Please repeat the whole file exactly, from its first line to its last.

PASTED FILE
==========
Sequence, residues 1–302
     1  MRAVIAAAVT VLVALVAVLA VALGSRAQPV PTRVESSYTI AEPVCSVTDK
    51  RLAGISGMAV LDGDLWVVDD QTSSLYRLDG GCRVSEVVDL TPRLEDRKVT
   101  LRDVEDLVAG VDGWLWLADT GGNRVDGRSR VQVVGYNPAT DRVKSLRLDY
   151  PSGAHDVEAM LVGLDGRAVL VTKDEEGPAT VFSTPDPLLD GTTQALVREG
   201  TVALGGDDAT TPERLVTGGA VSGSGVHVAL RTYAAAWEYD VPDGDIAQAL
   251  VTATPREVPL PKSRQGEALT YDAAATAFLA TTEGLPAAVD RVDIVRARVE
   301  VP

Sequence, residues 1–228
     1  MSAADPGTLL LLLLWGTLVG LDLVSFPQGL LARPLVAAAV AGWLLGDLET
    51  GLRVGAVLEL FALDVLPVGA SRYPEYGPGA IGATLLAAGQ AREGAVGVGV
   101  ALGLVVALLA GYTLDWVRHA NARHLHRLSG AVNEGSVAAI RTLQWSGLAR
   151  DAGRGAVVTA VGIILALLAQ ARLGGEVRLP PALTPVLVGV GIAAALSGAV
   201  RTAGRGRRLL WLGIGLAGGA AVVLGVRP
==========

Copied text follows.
Sequence, residues 1–302
     1  MRAVIAAAVT VLVALVAVLA VALGSRAQPV PTRVESSYTI AEPVCSVTDK
    51  RLAGISGMAV LDGDLWVVDD QTSSLYRLDG GCRVSEVVDL TPRLEDRKVT
   101  LRDVEDLVAG VDGWLWLADT GGNRVDGRSR VQVVGYNPAT DRVKSLRLDY
   151  PSGAHDVEAM LVGLDGRAVL VTKDEEGPAT VFSTPDPLLD GTTQALVREG
   201  TVALGGDDAT TPERLVTGGA VSGSGVHVAL RTYAAAWEYD VPDGDIAQAL
   251  VTATPREVPL PKSRQGEALT YDAAATAFLA TTEGLPAAVD RVDIVRARVE
   301  VP

Sequence, residues 1–228
     1  MSAADPGTLL LLLLWGTLVG LDLVSFPQGL LARPLVAAAV AGWLLGDLET
    51  GLRVGAVLEL FALDVLPVGA SRYPEYGPGA IGATLLAAGQ AREGAVGVGV
   101  ALGLVVALLA GYTLDWVRHA NARHLHRLSG AVNEGSVAAI RTLQWSGLAR
   151  DAGRGAVVTA VGIILALLAQ ARLGGEVRLP PALTPVLVGV GIAAALSGAV
   201  RTAGRGRRLL WLGIGLAGGA AVVLGVRP